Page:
The Father cares for you, not merely in a general way by controlling the course of events from afar, but in a profoundly personal way by His presence to you in all the circumstances of daily life.
At no moment is the Father distant from you or unavailable to you. At every moment His providence and His mercy are there for you. Give every care of yours into my Father's hands and go your way in peace of heart, trusting that He will attend to it and cause all things to work together for your ultimate good.
Wednesday, March 16, 2011
Cheryl Dickow explains her choice of Lenten penance. Everyone uses Facebook in different ways and degrees. I have cut back on Facebook dramatically this Lent because I found that it was taking up too much of my thoughts and my time which need to be given to other things. Facebook is a new medium in human experience; people are still learning how to interact on it in a measured way. In the past year or so there are several persons of long-standing acquaintance with whom I am no longer in communication because of misunderstandings on Facebook. There have also been some family feuds and disagreements which would never have happened except for Facebook. True, Facebook has introduced me to some wonderful new friends and deepened relationships that already existed. It has been more of a blessing than a curse. However, because of some of the sadness and hard feelings that have come out of Facebook, I am cutting back on it this sacred season in order to reflect.
Tuesday, March 15, 2011
Monday, March 14, 2011
Catholic News Agency relates how the epicenter of the great Japanese earthquake is near the shrine of Our Lady of Akita where a weeping statue of the Virgin has long foretold disaster. To quote:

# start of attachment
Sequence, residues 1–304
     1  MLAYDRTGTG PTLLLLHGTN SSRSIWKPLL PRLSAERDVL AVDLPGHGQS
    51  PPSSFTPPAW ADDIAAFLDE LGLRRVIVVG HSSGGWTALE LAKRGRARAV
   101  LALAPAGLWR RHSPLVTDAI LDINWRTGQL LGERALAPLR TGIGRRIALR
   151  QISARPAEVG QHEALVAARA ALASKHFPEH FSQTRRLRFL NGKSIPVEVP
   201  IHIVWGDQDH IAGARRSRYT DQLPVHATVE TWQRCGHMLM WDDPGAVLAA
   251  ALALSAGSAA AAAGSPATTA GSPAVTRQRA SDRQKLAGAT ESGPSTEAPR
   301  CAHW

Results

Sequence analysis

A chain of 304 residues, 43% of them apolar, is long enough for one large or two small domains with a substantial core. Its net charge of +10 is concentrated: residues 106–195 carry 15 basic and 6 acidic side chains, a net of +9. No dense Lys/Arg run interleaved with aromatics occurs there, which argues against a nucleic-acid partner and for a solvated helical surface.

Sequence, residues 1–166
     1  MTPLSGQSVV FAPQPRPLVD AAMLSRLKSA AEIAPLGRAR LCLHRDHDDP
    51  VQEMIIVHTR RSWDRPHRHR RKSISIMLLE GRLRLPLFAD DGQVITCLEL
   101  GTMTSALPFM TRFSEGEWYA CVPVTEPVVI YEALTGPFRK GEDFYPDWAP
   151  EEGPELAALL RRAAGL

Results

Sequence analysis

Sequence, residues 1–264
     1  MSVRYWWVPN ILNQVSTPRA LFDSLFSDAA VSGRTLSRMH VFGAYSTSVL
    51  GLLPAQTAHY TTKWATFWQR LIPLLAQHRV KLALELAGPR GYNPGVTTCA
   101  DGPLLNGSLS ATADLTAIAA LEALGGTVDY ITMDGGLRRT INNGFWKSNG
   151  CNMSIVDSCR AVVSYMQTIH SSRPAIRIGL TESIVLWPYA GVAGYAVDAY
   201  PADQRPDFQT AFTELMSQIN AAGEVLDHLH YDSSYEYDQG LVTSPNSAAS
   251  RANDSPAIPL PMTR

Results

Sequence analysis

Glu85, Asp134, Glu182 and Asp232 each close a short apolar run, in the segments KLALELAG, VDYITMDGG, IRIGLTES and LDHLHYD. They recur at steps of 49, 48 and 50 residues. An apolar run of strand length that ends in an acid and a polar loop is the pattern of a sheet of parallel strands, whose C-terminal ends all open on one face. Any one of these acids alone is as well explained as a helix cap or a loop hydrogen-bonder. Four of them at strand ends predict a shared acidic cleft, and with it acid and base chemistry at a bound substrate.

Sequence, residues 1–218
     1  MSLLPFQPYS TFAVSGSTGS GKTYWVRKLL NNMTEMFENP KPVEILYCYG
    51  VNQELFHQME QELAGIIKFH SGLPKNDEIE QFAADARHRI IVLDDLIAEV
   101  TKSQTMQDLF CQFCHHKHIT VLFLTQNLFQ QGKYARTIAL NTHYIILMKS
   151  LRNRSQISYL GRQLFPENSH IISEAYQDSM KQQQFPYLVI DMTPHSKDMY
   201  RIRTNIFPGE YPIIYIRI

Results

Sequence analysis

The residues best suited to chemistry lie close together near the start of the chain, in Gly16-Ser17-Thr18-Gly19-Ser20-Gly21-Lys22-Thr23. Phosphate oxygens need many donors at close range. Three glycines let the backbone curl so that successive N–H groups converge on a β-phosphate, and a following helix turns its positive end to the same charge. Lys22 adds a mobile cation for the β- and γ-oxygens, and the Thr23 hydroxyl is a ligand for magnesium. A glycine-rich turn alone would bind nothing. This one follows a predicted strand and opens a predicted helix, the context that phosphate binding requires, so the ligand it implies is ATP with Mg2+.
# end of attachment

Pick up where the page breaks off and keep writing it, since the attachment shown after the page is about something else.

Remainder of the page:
In 1973, the Virgin Mary was said to have predicted a number of future events – including natural disasters even more serious than Friday's earthquake and tsunami – during three appearances to a Japanese religious sister, Sr. Agnes Sasagawa.
The purported appearances of the Virgin Mary in Japan were reviewed by Cardinal Joseph Ratzinger in 1988. During his time as Prefect of the Congregation for the Doctrine of the Faith prior to his election as Pope Benedict XVI, he let stand the local bishop’s judgment that the apparitions and the messages were acceptable for the faithful.
The messages warned of chaos within the Church, and disasters which could afflict the world.
“If men do not repent and better themselves, God the Father will inflict a terrible punishment on all humanity,” Mary reportedly told Sr. Agnes. “If will be a punishment greater than the (biblical) flood, such as never seen before.”